A curious knife indeed, Hiron. Certainty follows the pattern of a British army knife, except for the makers mark and unusual handle scales. I looked up Empire knife company, an American manufacturer that opened in the mid-19th century and went bust in 1930, in the midst of the Great Depression. I don't think this is one of their knives, principally because of the can opener. That style of can opener, with a cap lifter hook at the base, first appeared on British Army knives in '44 or '45. Also, the flathead screwdriver bit is fairly particular to British army knives starting in 1939. The handle scales look like hand checkered horn, which where common on WW2 period Indian knives. My speculation is that this is an Indian Army knife from '45 or post WW2, probably pre-Indian independence, considering the manufacturer was called "Empire". Or it could be a commercial knife just based on the military pattern.

Hiron
Posts: 2
Joined: Sat Apr 03, 2021 3:54 pm

Re: British and Commonwealth Military Knives

Post by Hiron » Sun Apr 04, 2021 5:50 am

I was leaning toward late 40s , 50s but having no bolsters sort of threw me.
India makes perfect sense. It does bear all the hallmarks of an Indian clone now I think about it.
Great information Nephilim, than you.

nif6969
Posts: 14
Joined: Mon Aug 05, 2019 12:56 pm

Re: British and Commonwealth Military Knives

Post by nif6969 » Sun Apr 04, 2021 9:11 am

Yes indeed its a indian army jack knife you can tell by the crude hand cut scales.

cottage hill bill
Posts: 60
Joined: Tue Mar 06, 2018 2:24 pm

Re: British and Commonwealth Military Knives

Post by cottage hill bill » Sun Apr 04, 2021 2:08 pm

I agree, Indian produced version of the 1938-1945 issue clasp knife. It could very well be war-time production. I don't think any of the Indian knives in my collection are dated. Nice lanyard with it. I'd value the lanyard equal to the knife.

Nephilim
Posts: 75
Joined: Fri Feb 21, 2020 2:45 am

Re: British and Commonwealth Military Knives

Post by Nephilim » Fri Apr 30, 2021 10:12 pm

Got a somewhat unusual WW1 pattern British Army Knife and I thought I'd share it here.
Tang stamp reads Walker and Hall.
Tang stamp reads Walker and Hall.
I think this is a wartime production knife, for a few reasons. This doesn't have any inspection stamps, date, or WD marks, just the maker's mark on the tang. Walker and Hall was a Sheffield based firm specializing electroplating and silversmithing. They made a lot of flatware and a few watch fob knives, but I don't know of any other jackknives that they manufactured. My speculation was that they only made these Army knives under a wartime contract. Also, the scales are made of fiber (I think. It hasn't shrunk much, but its chipped in a couple places. It could be vulcanized rubber. I'm not sure what that material looks like after 100 or so years.), a substitute standard material. The 1913 pattern knives made during peacetime typically had checkered horn scales. Also, it doesn't appear to have ever had a bail, strangely. Flook's book has an example of a Walker and Hall knife much like this one, but with the bail. Are these undated 1913 pattern knives fairly common?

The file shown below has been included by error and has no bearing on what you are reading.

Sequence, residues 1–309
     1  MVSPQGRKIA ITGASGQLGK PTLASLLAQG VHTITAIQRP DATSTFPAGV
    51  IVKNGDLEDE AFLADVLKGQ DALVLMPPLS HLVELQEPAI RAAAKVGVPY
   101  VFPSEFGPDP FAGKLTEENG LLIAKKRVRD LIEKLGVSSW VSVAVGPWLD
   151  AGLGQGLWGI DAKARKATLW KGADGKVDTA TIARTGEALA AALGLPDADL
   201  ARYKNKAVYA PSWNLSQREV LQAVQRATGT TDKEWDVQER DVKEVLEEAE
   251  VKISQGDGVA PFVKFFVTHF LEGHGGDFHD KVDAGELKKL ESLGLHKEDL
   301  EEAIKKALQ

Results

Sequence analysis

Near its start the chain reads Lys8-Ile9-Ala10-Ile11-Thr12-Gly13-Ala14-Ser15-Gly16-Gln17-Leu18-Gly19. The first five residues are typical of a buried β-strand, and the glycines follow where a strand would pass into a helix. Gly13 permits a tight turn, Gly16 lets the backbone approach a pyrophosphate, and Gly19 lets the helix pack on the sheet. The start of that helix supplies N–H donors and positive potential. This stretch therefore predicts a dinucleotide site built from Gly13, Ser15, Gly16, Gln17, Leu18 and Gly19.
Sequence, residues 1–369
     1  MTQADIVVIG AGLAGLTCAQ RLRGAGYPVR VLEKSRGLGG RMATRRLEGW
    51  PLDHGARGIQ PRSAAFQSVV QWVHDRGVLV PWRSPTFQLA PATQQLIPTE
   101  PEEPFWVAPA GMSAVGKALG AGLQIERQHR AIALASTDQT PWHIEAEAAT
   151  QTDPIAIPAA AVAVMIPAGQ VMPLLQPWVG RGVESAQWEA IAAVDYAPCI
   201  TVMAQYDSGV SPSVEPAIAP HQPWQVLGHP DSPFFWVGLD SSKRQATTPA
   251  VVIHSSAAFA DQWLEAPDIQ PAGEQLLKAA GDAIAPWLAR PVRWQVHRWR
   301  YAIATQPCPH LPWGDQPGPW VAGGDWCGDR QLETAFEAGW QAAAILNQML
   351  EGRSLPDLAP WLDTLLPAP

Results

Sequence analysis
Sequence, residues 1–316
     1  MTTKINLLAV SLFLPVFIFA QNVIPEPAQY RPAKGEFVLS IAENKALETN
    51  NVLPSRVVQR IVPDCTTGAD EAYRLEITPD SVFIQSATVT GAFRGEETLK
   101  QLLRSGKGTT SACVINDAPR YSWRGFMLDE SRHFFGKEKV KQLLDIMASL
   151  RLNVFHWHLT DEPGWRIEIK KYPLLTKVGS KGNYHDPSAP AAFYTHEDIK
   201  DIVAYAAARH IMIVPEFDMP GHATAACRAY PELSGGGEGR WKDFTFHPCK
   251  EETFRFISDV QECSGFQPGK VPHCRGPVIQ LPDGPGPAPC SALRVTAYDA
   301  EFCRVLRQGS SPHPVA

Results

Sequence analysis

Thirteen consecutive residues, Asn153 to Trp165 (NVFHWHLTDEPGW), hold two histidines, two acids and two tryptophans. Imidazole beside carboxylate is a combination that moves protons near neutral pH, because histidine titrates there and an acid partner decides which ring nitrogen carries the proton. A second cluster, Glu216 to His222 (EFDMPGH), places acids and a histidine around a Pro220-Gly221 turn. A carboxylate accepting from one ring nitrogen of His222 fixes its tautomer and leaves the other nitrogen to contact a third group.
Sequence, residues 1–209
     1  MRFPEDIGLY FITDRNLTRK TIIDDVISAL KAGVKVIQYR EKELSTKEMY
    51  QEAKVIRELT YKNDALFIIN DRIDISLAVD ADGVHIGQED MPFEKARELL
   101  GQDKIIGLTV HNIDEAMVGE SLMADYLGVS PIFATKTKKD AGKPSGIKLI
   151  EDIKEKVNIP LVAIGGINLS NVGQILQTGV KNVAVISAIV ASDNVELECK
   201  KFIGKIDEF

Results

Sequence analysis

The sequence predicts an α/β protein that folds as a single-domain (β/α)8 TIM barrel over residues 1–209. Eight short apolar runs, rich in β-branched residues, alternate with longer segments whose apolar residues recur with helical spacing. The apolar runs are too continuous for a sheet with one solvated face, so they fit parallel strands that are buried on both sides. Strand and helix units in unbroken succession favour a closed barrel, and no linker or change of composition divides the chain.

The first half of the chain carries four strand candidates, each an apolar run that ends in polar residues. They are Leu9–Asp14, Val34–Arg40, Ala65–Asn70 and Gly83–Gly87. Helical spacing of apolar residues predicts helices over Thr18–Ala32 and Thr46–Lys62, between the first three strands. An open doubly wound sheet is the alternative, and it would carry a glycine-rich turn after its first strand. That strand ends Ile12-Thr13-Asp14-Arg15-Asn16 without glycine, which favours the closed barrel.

cottage hill bill
Posts: 60
Joined: Tue Mar 06, 2018 2:24 pm

Re: British and Commonwealth Military Knives

Post by cottage hill bill » Sat May 01, 2021 1:14 pm

I think your knife might be a post war civilian product, mostly because of the lack of he bail. It is certainly a 6353/1905 pattern, but the military specification clearly included a bail. The regulation method of carrying the knife was a lanyard attached to the bail on one end, the other end around the left shoulder and the knife in the left breast pocket of the tunic. Many cutlers were left with completed knives or pieces of knives when the war-time contract were cancelled. These were assembled and sold on the civilian market. The scales could be either fiber or pressed leather. Pressed and checkered leather was the grip specified for cavalry sabers from the P-1853 until the P-1908 so plenty of precedent for its use. I have a fair number of 6353/1905s and only the Canadian ones are routinely marked with a property mark. Without a careful search, I don't think any of my British ones are /|\ marked. Some do have a soldier's service number stamped on the marlin spike.